How to test a website before you launch: a 28 point checklist
Three years ago, Mark Knowles wrote a thorough checklist for testing a website prior to its live launch. It was a very helpful guide, so we thought we’d update it for the current digital landscape.
Here we present a guide on how to test a website, full of updated information and tips to make sure everything looks and works exactly as it should on launch day. Everyone has a role here, and that’s how the tasks have been divided – for Editors, Designers, Developers, SEOs and Network Administrators.
Please note: many of the tips below are from Mark Knowles, but have been updated to reflect any changes.
Check for proper spelling, typos, and grammar site-wide. Not just in article text and headlines, but also throughout the navigation, calls-to-action, buttons, forms etc.
Fill out the forms on the site and go through the following questions:
Make sure your images are all optimised for the web. Ensuring they’re not too large – and site-speed draining. As well as being properly labelled with titles and alt-text.
When giving a critical eye to the pages within the site, ask:
Check the size of your page sizes and their load time. You can use Google’s own site speed test to do this. Site speed is a ranking factor, so follow any improvements Google recommends as closely as you can.
Is your website mobile-friendly. Frankly it’s very difficult not to building a multi-device compatible website in 2016, but just in case, here’s a handy checklist to ensure your website’s mobile-friendliness.
Check to make sure your website’s pages render well in common browsers. Browser share is a moving target so to help prioritize efforts, here’s a site that continually examines it.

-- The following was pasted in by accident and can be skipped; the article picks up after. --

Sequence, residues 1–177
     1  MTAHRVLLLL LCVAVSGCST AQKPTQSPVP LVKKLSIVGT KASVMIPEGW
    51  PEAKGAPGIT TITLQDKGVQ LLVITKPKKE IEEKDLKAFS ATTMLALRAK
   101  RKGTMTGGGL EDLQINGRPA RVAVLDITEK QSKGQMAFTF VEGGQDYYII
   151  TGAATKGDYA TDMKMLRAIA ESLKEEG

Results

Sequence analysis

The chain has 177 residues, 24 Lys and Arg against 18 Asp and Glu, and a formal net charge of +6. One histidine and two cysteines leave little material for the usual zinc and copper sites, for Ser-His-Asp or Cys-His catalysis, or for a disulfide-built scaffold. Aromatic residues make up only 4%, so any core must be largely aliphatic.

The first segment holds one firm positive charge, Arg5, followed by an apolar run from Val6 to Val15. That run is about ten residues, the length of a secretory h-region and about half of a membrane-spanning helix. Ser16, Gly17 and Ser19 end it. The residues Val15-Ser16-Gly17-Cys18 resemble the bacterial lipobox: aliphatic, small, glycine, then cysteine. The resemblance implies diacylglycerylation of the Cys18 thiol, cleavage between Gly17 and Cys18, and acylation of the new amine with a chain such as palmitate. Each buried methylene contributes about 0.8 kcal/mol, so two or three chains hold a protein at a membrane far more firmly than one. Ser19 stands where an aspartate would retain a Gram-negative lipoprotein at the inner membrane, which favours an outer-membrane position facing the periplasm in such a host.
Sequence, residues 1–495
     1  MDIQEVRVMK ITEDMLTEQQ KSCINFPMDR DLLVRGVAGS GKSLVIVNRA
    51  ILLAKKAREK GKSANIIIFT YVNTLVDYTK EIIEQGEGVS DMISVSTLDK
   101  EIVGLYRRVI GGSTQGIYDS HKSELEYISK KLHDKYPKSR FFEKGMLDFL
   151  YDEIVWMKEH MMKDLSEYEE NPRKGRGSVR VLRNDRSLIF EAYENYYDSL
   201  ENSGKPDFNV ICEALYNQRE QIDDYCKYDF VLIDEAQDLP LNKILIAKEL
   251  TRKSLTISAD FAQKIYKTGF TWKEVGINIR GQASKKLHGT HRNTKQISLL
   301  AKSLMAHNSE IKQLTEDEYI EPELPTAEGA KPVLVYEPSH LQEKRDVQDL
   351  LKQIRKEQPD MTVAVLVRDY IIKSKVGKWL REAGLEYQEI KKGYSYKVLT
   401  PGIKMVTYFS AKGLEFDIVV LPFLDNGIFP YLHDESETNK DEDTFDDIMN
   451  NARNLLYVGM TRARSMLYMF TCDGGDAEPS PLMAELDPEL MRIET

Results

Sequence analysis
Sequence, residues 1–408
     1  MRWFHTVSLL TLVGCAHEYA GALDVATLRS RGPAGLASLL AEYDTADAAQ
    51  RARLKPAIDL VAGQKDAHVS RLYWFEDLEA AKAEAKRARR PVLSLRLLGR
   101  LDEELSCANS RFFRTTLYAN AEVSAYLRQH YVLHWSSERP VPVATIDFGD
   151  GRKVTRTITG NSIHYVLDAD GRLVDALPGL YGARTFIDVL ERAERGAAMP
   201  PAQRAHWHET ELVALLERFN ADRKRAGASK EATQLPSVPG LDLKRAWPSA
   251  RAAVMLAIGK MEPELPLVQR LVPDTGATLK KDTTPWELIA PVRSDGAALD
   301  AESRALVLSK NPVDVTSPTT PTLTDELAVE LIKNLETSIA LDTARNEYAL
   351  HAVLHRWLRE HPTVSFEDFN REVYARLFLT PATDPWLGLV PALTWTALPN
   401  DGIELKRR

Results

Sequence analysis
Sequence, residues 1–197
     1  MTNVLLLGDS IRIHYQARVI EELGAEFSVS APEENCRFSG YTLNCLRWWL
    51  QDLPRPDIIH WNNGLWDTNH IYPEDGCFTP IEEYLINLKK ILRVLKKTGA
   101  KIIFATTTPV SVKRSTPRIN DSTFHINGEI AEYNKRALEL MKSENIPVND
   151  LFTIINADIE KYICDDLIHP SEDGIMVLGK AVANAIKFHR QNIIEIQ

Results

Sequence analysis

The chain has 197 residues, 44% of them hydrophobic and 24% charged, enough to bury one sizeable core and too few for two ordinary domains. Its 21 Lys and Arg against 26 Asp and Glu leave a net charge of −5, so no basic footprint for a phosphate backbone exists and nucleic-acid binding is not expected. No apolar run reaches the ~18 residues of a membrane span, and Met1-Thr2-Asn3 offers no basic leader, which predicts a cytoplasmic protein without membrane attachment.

Sometimes font codes get dropped into a page inadvertently and make a letter or a word look funny. Check to see that the formatting is consistent, and look for odd blips in the copy.
Test the navigation to breaking point. Make sure every single possible journey through your website leads to wherever its meant to without any broken links or wrong pages.
Makes sure your on-site search works, and it delivers accurate results, and if there are any zero-results that you’re providing navigation to other relevant pages.
Often, sites are built at a URL (uniform resource locator) that isn’t the website’s final destination. When a site goes live, the URLs are transferred from a staging area to production. All the URLs change at this time, and they need to be tested.
On small sites without any tools, you can navigate to each page to make sure they all work. On a site with fewer than 500 URLs, you can use Screaming Frog SEO Spider Tool for free to find bad URLs. For larger sites, there is a modest annual fee.
Google Search Console (previously Webmaster Tools) is an invaluable tool for all webmasters. This is where Google will communicate with you should anything go wrong (crawling errors, manual penalties, increase in 404 pages, malware detected, etc.)
Search Console is also where you can monitor your site’s performance, identify issues, submit content for crawling, remove content you don’t want indexed, view the search queries that brought visitors to your site, monitor backlinks.
You should also sign up to Bing Webmaster Tools.
This is a technique that combines and compresses website code into smaller chunks to speed up your site. You can read more about it at Google. Then, look at the website pre-launch to see if the site is using minify where it can.
When a 404 (“page not found”) error occurs, make sure you have a custom page to help your visitor find something else of use, even if it wasn’t what they were looking for. Do you have an HTML sitemap there? Does the 404 page include a site search?
Favicons are those little iconic images that show up in the address bar and tabs of your browser. How does it help? It’s a small branding opportunity that lends credibility to your site. It’s nice to have one when you launch.